Portuguese (português (help·info), also língua portuguesa) is a Romance language that originated in what is today Galicia (Spain) and northern Portugal. It is the official language of Angola, Brazil, Cape Verde, Guinea-Bissau, Mozambique, Portugal and São Tomé and Príncipe, and co-official with Chinese in the Chinese S.A.R. of Macau and with Tetum in East Timor.
    Correccions en qualsevol idioma sempre són agraïdes.

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    Re: The Future of Portuguese: Is it dying out?

    Ah, it will certainly die when the 188.227.393 Brazilian inhabitants who insist in breeding 321 babies an hour (5,36 per minute, one each 11,2 second) die! And we are not including the Portuguese, the Angolan, the people from Mozambique, Cabo Verde, Guiné-Bissau, São Tomé e Príncipe and Timor Leste.
    Eu quase que nada não sei. Mas desconfio de muita coisa...- Guimarães Rosa

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    Re: The Future of Portuguese: Is it dying out?

    Quote Originally Posted by faranji View Post
    Ok, then, why should anyone bother to learn German, Italian or French, each one of which has significantly less speakers than Portuguese?
    Perhaps it's a question of prestige? I am unaware of any influence prestige may have on Portuguese in regards to Spanish as I do not know Portuguese, but numbers sometimes do not count if prestige the reason. Ethnolgue.com shows that Pakistan has a significantly higher number of Panjabi speakers than Urdu, but people continue to throw their linguistic loyalties to Urdu.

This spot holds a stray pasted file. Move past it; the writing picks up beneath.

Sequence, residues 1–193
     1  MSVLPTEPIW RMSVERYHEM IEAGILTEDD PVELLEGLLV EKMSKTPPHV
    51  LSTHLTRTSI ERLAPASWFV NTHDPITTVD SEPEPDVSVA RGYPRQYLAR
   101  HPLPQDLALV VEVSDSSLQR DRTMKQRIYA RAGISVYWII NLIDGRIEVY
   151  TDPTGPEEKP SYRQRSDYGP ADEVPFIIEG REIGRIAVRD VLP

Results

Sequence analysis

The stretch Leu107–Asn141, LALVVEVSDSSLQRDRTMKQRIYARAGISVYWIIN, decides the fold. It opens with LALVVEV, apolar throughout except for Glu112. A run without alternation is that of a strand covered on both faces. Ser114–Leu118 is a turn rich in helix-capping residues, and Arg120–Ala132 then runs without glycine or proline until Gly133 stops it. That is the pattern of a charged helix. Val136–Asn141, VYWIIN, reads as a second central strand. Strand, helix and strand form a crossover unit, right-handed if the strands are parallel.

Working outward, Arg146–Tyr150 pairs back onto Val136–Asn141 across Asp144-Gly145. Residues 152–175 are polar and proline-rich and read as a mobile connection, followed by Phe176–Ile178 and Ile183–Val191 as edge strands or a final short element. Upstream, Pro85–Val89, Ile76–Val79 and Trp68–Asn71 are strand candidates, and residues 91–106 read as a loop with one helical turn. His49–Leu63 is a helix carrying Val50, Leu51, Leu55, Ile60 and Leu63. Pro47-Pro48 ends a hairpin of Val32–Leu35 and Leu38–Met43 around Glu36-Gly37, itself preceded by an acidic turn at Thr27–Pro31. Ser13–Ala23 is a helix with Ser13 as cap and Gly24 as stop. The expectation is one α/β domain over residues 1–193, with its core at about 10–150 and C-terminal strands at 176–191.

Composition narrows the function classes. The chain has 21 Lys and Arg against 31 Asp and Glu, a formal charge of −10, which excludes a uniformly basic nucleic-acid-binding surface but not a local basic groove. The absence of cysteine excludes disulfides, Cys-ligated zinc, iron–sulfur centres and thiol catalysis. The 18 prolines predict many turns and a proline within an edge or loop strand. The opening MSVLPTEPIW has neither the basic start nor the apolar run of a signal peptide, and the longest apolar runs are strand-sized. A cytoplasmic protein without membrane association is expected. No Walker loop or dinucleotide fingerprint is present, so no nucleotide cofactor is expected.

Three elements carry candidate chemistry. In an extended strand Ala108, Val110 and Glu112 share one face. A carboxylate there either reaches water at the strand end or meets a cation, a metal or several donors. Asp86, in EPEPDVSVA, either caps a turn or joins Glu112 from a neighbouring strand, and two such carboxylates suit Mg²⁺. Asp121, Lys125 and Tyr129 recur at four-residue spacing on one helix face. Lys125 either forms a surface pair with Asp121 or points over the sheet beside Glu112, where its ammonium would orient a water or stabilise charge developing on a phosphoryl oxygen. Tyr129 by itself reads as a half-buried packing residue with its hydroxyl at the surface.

Correccions en qualsevol idioma sempre són agraïdes.

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    Re: The Future of Portuguese: Is it dying out?

    Quote Originally Posted by Bienvenidos View Post
    I was talking to a language professor who told me that Portuguese no longer serves any purpose, that it is an "archaic" language, and it is destined to serve no purpose in the future. As a speaker of (Brazilian) Portuguese (but even if I weren't one), I have to strongly disagree with this. To begin with, what does she think will happen to the more than 200,000,000 people speaking Portuguese in the present? Will they vanish from the planet as if it were a magician's trick? Will they substitute English for Portuguese? I think that these are pure speculations. Nothing can be said for certain about the future of a language as Portuguese. She also said that it is not in a person's best interest to learn it since it is hardly used, except in Brazil and Portugal. She was right there, but what if the person in question is fond of the language, wants to live in Brazil or Portugal, wants to read authors in the original? Of course Portuguese can't compete with English in the world of business, but I don't think it is a useless language at all. Realistically, she mentioned that Portuguese has no distinct advantage that will make it a language that will survive for years to come. What apparently makes her so angry with Portuguese? What does she base her argumentation upon? She sounds unrealistic and pessimistic. Does she have a crystal ball?